Rule changes sought to level playing field
By GREG AUMAN
© St. Petersburg Times, published April 8, 2001
The battle between public and private schools will reach another level this week as the representative assembly of the Florida High School Activities Association gathers in Gainesville to discuss proposed changes in the rules that govern athletic programs.
Private schools are the target of several of the 16 proposals, and while this isn't the first time a group of public schools has sought to level what they feel is an uneven playing field, the latest efforts aren't being taken lightly.
"You have to take them very seriously," Berkeley Prep athletic director Bobby Reinhart said. He said it's never easy to know which proposals have a legitimate chance at approval, which requires two-thirds of the votes cast by delegates in attendance. Of the 69 representatives, 32 specifically represent public schools, which is double the private contingent.
Just the same, the proposals to be considered are simply that at this point. "Anybody can propose anything" was the caveat from Jesuit athletic director Sonny Hester, who said many of the ideas will be hard-pressed to get the requisite votes. Among those that will be discussed Monday and Tuesday:
A proposal, presented by 11 Panhandle-area public schools, that would essentially force private schools to compete against larger public schools. The plan would adjust "upward by 50 percent the student populations of private schools and university laboratory schools for the purpose of assigning such schools to classifications."
Proponents argue this would level the playing field, but private school administrators say such a move would hurt all teams across the state in response to the illegal practices of a few.
"It's absurd," Berkeley Prep's Reinhart said. "It's the public schools' way to alleviate recruiting, but you can't penalize every school for what a few places are doing."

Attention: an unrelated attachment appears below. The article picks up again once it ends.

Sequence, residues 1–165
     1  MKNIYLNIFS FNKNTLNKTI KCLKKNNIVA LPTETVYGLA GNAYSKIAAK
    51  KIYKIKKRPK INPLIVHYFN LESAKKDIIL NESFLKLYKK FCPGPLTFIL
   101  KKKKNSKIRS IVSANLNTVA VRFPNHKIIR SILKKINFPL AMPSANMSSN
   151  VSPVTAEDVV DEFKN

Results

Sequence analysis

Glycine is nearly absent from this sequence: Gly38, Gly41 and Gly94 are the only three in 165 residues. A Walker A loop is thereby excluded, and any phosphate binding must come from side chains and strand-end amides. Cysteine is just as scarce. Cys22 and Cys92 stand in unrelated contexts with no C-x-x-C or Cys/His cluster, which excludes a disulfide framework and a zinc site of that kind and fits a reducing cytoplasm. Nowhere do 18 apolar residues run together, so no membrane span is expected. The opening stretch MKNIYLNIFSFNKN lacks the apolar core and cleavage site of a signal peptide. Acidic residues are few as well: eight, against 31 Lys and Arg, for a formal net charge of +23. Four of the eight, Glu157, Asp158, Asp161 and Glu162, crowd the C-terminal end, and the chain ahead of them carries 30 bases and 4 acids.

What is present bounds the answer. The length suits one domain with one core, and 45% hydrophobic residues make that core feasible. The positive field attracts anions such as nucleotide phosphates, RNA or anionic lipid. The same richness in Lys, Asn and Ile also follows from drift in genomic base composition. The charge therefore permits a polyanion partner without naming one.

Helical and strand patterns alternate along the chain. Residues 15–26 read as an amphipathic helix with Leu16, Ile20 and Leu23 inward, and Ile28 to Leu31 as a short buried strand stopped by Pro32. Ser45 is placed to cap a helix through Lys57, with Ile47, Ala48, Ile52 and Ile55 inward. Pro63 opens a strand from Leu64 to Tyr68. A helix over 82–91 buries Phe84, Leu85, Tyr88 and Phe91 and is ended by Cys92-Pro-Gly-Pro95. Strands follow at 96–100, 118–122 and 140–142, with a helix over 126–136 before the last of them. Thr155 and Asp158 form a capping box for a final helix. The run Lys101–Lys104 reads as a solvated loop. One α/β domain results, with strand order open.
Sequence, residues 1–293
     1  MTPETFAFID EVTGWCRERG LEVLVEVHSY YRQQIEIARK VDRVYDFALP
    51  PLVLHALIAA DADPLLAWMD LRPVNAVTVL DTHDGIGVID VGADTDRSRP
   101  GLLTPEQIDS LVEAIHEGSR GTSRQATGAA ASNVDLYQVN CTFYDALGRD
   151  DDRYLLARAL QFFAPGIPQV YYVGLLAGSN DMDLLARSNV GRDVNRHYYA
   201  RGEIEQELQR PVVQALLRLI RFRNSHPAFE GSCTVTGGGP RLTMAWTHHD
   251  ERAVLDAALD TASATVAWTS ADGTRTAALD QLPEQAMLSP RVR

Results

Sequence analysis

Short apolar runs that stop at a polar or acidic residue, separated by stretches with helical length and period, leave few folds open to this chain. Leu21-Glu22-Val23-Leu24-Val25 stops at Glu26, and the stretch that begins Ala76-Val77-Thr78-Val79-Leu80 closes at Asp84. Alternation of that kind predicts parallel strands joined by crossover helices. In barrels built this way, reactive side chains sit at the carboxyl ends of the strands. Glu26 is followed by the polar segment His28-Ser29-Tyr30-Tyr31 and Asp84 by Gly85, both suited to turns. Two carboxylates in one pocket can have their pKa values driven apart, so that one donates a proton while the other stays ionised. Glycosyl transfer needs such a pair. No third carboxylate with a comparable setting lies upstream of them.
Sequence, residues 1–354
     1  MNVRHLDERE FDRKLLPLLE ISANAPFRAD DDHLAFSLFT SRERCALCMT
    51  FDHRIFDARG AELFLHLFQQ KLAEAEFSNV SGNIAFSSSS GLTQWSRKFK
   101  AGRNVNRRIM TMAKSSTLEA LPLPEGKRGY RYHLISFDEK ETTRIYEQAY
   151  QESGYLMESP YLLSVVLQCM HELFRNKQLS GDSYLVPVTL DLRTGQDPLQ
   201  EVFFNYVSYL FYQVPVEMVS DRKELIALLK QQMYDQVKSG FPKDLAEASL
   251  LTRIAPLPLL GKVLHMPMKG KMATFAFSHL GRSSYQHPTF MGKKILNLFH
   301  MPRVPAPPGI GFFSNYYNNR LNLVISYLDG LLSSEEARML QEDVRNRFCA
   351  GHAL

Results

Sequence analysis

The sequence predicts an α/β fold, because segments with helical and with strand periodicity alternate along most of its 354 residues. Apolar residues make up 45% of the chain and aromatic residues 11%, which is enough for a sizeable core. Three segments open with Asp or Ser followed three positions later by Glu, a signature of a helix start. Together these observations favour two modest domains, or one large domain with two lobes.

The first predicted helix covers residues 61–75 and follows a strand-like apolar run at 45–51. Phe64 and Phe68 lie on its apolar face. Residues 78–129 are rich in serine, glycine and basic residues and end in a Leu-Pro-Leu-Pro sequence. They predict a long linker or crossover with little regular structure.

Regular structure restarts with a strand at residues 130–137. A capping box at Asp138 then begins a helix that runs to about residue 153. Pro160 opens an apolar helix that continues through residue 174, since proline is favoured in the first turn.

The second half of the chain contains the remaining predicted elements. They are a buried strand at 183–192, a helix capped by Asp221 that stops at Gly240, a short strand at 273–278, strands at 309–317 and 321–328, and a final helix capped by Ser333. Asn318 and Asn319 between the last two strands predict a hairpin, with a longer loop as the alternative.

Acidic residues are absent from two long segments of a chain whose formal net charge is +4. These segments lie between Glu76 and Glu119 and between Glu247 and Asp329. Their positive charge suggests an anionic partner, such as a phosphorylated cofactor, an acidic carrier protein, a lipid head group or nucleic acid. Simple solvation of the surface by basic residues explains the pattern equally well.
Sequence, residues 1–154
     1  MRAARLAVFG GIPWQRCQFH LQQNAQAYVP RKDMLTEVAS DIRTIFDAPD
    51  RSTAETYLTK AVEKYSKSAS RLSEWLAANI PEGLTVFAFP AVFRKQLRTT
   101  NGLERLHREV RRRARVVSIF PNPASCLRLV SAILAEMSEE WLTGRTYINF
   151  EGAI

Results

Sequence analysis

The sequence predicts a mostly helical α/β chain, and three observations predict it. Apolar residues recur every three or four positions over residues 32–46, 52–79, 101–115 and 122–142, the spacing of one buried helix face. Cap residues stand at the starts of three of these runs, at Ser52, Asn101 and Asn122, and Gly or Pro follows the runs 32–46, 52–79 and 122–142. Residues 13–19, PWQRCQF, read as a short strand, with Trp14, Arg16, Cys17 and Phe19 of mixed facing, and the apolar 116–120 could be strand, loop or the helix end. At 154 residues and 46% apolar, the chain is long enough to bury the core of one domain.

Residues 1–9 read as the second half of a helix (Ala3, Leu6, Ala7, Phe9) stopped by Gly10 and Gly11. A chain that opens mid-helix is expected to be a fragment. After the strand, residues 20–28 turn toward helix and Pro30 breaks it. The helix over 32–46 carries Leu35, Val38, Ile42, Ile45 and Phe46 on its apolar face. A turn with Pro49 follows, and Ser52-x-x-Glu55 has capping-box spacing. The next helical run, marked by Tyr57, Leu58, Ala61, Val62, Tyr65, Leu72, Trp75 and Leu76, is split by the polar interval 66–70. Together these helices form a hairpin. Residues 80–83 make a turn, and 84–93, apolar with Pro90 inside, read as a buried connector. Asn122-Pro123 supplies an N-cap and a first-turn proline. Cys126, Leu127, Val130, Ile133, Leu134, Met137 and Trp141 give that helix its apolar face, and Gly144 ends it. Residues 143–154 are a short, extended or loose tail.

Reinhart said he would rather see tougher sanctions brought against schools that break the rules instead of broad penalties levied against all private schools.
Another proposal goes after the state's golf and tennis academies, such as Wesley Chapel's Saddlebrook, by requiring them to compete in at least two sports per season to be eligible for the state playoffs.
The proposal, sponsored by FHSAA commissioner Bob Hughes, notes that the NCAA and several state high school organizations have similar measures.
The proposal would not affect a school's membership in the FHSAA, but would impact its eligibility for state championships. The proposal would not take effect until July 2003, giving schools a two-year window to comply with the new standards.
Hester said he is "dead against" competing against schools that field teams in only one or two sports, but said he has mixed emotions because such an amendment would also impact schools that would like to have more teams, but lack the numbers.
Berkeley Prep, for instance, has been in the same district as Saddlebrook in tennis, where only one team per district can advance to the state meet. Reinhardt said he's "all for" that proposal, though he warns that a similar amendment was voted down last year.
Saddlebrook officials could not be reached Friday for comment.
Another proposal would eliminate restrictions on high school coaches coaching their own players during the off-season. Currently, high school coaches cannot coach any non-school team if more than half the players play for the same coach in high school.
The so-called "50 percent" rule is often seen as a deterrent to recruiting, but Hester said it can have the opposite effect, because coaches are unable to work with their athletes out of season, making them more likely to join another coach at another school.
A nearly identical measure fell short of being ratified by a single vote last year, and Hester said his reasons for endorsing it are the same: high school coaches can give players a higher level of coaching in the off-season, and the current provision also limits the opportunities high school coaches have to supplement their income. What's more, the rule is unwittingly applied with a heavy hand in rural areas where there isn't another local team a high school coach could work with instead.
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